by Keith Gaboury
“Apollo 14 launched in the late afternoon of January 31, 1971 . . . Stuart Roosa, a
former U.S. Forest Service smokejumper, orbited above in the command module. Packed
in small containers in Roosa’s personal kit were hundreds of tree seeds . . . the resulting
seedlings were planted throughout the United States.”
Dave Williams, nssdc.gsfc.nasa.gov
A space-traveling sweetgum seed
found a home in the Central Park woods
among the trees perpetually bound
to the forest floor. This very October morning,
a man went forth down a well-worn path
and swiveled his head into an enchantment.
Damn, what a view to perceive those leaves
shinning in lunar light. Set against a swathe of green,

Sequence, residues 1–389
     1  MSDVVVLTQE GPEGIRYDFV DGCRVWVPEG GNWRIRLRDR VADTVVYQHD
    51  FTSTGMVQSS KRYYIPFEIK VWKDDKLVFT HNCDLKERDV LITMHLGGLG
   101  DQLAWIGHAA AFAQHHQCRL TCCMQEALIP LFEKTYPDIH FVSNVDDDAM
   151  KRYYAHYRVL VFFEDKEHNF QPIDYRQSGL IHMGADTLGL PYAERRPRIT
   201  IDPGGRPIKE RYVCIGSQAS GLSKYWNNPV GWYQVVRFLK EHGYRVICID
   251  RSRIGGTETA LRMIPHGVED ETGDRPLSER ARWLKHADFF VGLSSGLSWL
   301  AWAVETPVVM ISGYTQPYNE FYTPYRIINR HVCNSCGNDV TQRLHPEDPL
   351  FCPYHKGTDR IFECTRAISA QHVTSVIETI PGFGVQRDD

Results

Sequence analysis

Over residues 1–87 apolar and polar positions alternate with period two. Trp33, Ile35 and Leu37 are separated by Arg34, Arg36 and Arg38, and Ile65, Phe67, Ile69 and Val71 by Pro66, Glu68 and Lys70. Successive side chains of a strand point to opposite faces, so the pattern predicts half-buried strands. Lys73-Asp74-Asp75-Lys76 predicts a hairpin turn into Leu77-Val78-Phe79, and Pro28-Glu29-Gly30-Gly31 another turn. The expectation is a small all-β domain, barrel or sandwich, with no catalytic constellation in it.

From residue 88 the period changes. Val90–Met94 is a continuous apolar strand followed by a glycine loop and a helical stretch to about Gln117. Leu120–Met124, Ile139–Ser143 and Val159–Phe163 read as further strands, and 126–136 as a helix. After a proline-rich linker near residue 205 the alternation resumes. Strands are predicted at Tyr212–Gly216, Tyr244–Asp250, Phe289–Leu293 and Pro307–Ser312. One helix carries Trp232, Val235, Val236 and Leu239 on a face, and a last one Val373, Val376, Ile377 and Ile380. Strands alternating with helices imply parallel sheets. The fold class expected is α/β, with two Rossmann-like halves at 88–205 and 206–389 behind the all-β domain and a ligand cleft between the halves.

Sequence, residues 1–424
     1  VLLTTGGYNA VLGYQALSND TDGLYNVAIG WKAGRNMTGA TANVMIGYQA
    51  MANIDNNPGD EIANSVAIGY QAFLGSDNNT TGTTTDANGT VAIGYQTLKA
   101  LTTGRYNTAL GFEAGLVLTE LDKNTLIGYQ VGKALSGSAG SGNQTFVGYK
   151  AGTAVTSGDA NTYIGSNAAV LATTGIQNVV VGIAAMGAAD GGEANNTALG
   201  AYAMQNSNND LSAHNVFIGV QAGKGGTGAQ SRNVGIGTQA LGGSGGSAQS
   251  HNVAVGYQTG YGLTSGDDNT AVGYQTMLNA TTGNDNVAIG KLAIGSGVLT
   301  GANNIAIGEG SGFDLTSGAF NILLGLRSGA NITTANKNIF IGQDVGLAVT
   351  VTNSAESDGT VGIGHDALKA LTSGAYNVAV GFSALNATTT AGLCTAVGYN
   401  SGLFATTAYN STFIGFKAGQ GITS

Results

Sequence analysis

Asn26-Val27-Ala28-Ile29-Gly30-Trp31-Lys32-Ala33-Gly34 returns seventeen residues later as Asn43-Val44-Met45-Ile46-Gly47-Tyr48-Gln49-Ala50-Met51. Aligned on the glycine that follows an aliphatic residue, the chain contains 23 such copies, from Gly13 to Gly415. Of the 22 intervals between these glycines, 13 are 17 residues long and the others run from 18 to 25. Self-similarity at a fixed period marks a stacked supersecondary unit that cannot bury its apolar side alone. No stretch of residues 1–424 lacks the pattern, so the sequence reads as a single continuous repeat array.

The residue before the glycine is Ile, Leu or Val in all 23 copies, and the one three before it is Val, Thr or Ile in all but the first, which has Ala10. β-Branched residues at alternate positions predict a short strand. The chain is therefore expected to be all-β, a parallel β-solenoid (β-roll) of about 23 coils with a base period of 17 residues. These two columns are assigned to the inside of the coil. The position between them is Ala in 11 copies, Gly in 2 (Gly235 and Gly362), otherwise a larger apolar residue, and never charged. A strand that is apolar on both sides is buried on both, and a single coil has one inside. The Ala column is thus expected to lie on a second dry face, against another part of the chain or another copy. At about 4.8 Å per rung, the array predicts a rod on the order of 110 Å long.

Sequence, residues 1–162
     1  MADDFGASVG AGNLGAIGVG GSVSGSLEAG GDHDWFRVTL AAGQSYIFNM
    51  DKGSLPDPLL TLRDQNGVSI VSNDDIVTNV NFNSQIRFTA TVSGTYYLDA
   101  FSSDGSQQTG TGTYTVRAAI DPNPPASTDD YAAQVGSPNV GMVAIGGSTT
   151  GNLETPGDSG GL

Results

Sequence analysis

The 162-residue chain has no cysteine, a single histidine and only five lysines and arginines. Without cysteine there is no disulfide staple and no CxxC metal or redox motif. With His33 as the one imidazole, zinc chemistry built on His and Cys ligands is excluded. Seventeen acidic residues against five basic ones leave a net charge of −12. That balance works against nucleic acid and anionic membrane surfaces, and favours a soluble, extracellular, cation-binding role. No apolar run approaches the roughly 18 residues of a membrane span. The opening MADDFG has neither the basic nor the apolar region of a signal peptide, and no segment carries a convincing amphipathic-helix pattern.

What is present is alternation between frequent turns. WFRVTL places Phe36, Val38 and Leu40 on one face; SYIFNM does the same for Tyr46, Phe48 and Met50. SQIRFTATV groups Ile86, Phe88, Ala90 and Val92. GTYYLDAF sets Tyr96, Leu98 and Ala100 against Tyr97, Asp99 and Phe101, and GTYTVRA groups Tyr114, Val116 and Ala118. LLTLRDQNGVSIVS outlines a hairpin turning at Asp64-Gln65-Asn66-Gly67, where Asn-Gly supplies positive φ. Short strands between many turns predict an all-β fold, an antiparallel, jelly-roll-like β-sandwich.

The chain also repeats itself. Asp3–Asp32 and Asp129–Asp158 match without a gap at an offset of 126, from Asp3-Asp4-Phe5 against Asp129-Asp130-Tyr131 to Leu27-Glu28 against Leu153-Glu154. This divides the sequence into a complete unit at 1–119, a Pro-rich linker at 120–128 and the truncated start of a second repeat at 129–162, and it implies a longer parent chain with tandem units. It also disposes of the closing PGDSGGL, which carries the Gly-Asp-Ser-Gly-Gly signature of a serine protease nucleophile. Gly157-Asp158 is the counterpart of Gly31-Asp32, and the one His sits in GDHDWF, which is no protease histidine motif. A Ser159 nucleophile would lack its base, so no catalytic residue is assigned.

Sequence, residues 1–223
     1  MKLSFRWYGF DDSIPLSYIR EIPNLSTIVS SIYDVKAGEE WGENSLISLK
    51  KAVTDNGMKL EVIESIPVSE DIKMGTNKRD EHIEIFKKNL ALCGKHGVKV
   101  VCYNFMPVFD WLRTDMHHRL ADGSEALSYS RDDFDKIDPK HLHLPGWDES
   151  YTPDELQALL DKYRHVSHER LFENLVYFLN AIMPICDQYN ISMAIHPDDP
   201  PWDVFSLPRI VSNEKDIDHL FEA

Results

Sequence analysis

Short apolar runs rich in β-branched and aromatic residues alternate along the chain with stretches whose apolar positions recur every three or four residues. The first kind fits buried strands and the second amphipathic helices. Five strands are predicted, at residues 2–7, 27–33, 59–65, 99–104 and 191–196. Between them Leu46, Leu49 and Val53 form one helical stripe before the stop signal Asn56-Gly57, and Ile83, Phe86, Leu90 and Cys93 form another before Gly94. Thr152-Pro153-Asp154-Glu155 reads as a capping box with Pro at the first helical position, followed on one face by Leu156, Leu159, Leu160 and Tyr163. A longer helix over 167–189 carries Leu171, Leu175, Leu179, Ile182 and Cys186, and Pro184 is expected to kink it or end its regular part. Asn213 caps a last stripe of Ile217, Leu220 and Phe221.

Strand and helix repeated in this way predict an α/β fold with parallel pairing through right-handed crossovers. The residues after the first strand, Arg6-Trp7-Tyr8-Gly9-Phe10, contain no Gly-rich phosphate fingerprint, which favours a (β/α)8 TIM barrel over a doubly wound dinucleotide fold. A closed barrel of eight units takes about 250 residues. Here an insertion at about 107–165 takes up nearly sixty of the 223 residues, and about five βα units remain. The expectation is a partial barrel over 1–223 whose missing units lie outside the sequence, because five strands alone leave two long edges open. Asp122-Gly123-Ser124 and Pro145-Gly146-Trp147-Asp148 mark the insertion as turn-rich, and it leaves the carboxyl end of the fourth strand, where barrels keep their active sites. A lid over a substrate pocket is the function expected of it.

pockets of photosynthesis growth remained
lost in shadow — like impact craters too deep
to sunbathe in — like an airplane-traveling tourist
stretched out on the Brighton Beach sand —
like a Little Italy baker stretching and rolling
his dough into loaves — like the man’s bike rolling
down to that shitty bodega at Flushing & Bushwick.
He bought a 40 because he found a moon tree today.
What have you accomplished? With the autumn night
knocking, he’s returned with a buzz and discovered
the ghost of its ‘Houston to Mission Control’
past still bursting back; yes, can you see,
can you see our sweetgum seed orbiting
over the peak of an ancient moon mountain.